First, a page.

This paper provides an examination of the long-term preventive effects of treatment of disruptive behavior disorder in middle childhood, with the aims of mitigating substance use and delinquency in early adolescence.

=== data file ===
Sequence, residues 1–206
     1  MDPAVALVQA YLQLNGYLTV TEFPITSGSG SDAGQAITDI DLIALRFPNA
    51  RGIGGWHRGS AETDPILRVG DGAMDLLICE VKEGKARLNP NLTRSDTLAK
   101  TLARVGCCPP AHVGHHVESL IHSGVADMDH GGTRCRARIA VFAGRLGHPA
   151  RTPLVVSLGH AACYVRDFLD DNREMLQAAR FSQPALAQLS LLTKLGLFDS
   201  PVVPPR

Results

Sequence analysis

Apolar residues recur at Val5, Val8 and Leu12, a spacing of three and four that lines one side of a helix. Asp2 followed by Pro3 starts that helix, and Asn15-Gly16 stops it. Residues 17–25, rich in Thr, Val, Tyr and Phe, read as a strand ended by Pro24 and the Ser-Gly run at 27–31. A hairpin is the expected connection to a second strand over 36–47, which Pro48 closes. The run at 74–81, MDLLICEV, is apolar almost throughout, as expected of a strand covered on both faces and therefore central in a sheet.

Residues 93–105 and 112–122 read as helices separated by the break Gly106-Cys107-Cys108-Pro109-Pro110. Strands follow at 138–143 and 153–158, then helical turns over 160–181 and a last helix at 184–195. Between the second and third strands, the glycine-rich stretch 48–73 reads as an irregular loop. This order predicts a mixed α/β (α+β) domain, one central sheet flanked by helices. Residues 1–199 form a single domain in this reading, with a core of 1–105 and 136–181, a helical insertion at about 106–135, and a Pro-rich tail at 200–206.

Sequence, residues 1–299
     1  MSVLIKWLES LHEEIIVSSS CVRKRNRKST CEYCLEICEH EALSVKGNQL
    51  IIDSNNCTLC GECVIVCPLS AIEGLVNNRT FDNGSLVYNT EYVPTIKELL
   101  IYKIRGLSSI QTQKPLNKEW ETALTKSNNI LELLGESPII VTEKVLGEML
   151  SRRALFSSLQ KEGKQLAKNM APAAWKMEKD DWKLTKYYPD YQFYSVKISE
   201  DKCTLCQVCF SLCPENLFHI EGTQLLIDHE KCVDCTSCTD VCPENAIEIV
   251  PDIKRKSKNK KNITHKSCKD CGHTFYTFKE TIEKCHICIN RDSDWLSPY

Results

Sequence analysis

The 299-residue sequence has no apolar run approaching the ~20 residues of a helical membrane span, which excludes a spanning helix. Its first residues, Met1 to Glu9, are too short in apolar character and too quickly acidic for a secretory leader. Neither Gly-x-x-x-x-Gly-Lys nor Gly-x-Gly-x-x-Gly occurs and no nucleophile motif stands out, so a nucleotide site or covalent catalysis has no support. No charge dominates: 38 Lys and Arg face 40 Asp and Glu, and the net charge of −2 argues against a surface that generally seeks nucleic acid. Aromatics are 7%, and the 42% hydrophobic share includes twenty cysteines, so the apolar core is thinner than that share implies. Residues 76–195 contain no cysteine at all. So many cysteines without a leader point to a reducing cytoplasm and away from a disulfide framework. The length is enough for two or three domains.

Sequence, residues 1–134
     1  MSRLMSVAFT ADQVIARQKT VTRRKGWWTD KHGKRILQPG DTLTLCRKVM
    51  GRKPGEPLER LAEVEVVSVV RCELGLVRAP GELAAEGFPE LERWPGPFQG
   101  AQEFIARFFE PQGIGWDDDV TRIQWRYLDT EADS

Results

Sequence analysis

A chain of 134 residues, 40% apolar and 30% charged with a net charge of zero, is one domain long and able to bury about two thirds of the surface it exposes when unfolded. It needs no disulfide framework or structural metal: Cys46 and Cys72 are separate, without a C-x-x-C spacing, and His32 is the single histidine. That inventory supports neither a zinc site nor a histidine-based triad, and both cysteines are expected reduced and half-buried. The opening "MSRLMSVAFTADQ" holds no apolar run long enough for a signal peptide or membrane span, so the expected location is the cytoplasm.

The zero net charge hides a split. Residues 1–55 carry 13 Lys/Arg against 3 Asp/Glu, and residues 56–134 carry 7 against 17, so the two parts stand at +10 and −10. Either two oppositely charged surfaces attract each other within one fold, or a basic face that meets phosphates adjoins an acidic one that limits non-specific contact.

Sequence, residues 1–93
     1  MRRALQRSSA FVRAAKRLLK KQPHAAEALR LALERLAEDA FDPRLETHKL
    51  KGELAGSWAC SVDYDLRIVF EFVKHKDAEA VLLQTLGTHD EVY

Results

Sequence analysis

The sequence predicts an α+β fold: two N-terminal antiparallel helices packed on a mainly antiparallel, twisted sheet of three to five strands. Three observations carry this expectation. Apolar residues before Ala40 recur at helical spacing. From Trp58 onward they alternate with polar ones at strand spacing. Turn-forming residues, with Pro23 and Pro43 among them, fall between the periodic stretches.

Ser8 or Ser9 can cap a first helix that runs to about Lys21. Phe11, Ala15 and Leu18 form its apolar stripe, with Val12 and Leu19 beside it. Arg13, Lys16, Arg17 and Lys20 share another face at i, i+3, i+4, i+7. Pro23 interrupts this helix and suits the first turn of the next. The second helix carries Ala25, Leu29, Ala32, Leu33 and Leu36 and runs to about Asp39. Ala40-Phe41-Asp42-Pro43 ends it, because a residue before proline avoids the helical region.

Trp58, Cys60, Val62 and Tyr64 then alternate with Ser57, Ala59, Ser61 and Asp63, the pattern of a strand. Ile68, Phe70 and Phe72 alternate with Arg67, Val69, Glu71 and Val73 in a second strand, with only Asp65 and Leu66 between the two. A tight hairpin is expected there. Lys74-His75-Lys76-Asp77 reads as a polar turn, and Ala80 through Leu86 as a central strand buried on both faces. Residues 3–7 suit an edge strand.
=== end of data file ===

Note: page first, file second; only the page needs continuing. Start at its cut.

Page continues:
Disruptive behavior disorder (DBD) is a well-known risk factor for substance abuse and delinquent behavior in adolescence. In this study, the authors report on their investigation of the long-term preventive effects of treatment of DBD in middle childhood on beginning substance use and delinquency in early adolescence. Children with DBD, eight to 13 years old, had been randomly assigned to manualized behavior therapy (Utrecht Coping Power Program; UCPP) or to care as usual (CU) in the Netherlands. Five years after the start of treatment, substance use and delinquency were monitored in 61 of the initial 77 adolescents and compared with a matched healthy control group by means of self-report questionnaires. The authors performed one-factor analyses of variance and Pearson's χ2 analyses. Differences in substance use were revealed in favor of the UCPP, with more adolescents in the CU group smoking cigarettes in the last month and more adolescents in the CU group having ever used marijuana. Moreover, in this respect, the UCPP fit in the range of the matched healthy control group. Both treatment groups were comparable to the matched healthy control group in delinquent behavior. The authors conclude that manualized behavior therapy for DBD in middle childhood seems to be more powerful than CU in reducing substance use in early adolescence, and both treatment conditions show a beneficial long-term preventive effect on delinquency. Publisher Abstract Provided
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